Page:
With almost 59% voting in favor, the ban will permanently cease drilling in the Ishpingo-Tambococha-Tiputini (ITT) oil project. Known as Block 43, the project is located on the east side of the park.
Tucked away in the Amazon rainforest, the park is home to astonishing biodiversity. However, oil drilling has threatened the hundreds of unique species and the Indigenous peoples who live alongside them.
The referendum is a resounding win for climate and indigenous activists. Yasunidos, a grassroots environmental collective, has been at the forefront of pushing for the vote. Now, Ecuador’s government is pledging to honor the vote’s results.
Let’s take a closer look at why Yasuní National Park is worth protecting, and what the referendum results mean for climate action and Ecuador’s future.
Yasuní National Park: An Oasis on the Brink
Yasuní National Park spans 2.5 million acres (1 million hectares) of land and is home to a staggering variety of flora and fauna. In 1989, it was designated as a World Biosphere Reserve by UNESCO, the United Nations Educational, Scientific, and Cultural Organization.
Did you know that over 610 bird species, 139 amphibian species, and 121 reptile species have been identified in the park? A number of Indigenous peoples also live in the park. The Tagaeri and Taromenani live in complete isolation, a way of life that has become increasingly vulnerable.
The park sits on massive oil reserves, which the government views as the ticket to lifting Ecuador’s economy. In just the past 15 years, Ecuador has drilled over 4000 oil wells across 68% of the Amazon. This is roughly equivalent to five oil wells drilled every week!
Hundreds of pipelines export oil from the rainforest. The two largest bring oil to the Pacific Coast: the Trans-Ecuadorian Oil Pipeline System (Spanish acronym SOTE) and a heavy crude pipeline owned by private oil companies. The third pipeline, the Poliducto Shushufindi-Quito, transports other forms of fuel to Ecuador’s capital, Quito.
But if Ecuador has such an extensive network of pipelines and oil wells, why isn’t the country receiving record profits?
First, the region is highly unstable geographically. Volcanic eruptions, earthquakes, landslides, and flash floods are common in the Andes. This poses serious risks to oil pipelines constructed in the area. Since the SOTE was completed in 1973, it ruptured 47 times by 2003. Meanwhile, private companies in charge of the pipelines have employed unethical methods of waste disposal. Between 1971 and 1993, about 714 million barrels of oil and toxic wastewater have been dumped into the surrounding rainforest.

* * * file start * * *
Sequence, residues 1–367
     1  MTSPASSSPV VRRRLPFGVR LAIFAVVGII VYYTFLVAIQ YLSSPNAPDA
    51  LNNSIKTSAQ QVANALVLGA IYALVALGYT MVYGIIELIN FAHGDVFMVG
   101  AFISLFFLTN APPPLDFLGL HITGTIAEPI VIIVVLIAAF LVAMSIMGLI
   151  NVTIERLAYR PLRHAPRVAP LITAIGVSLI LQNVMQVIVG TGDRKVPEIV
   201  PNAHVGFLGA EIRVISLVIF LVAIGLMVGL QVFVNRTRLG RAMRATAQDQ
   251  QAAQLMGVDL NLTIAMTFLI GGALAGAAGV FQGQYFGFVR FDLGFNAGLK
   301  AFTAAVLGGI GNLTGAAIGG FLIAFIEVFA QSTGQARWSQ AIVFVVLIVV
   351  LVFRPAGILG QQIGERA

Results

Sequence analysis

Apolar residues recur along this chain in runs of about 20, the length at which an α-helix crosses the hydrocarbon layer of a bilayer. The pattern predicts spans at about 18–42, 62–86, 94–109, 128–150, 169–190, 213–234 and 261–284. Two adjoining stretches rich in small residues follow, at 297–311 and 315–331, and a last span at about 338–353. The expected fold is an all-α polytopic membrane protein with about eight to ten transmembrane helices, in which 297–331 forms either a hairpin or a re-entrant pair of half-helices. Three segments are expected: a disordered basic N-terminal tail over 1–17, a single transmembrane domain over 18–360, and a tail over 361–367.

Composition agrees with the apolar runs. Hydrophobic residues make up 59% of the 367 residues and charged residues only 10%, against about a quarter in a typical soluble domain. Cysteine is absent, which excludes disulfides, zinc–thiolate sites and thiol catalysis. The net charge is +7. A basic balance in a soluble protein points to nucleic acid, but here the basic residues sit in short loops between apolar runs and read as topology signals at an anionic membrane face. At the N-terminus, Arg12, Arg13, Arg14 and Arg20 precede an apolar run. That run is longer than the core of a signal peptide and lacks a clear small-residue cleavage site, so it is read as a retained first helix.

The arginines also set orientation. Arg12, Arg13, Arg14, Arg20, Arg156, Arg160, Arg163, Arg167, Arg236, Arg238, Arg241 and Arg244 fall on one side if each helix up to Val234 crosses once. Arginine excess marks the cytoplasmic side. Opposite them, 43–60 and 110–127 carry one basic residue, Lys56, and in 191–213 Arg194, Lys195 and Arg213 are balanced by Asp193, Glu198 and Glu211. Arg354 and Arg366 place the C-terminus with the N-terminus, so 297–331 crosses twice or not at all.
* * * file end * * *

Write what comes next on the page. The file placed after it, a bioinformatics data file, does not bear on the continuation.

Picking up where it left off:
In April 2020, three pipelines, two of which were major, ruptured. The resulting oil spill released close to 16,000 barrels of crude oil into the Amazon. This caused untold devastation to local biodiversity and Indigenous peoples, many of whom are still suffering from its effects today. In the long term, such toxic chemicals disrupt the local ecosystem and make Indigenous peoples vulnerable to life-threatening cancers. What’s more, the 2020 spill is but one of the more visible disasters. Most oil spills in the Amazon go unreported.
New Hope for Yasuní
However, the determination of Ecuadorian voters is inspiring. Yasunidos’ victory at the polls reflects changing attitudes in Ecuador. A younger generation is gaining greater awareness of climate issues and is willing to hold government officials accountable.
Besides the Yasuní referendum, Quito residents voted decisively against gold mining in the Chocó Andino, a fragile highland region. A stunning 68% voted in favor of the mining ban.
The ban is a blow to Ecuador’s fragile economy, likely to cost hundreds of millions in the long term. On the flip side, activists cite the long-term, irreversible damage of oil drilling to the country’s vibrant ecosystems and suggest investments into more productive fields such as eco-tourism.
Sources: CNN, Guardian, Reuters, Al Jazeera, AmazonFrontLines.org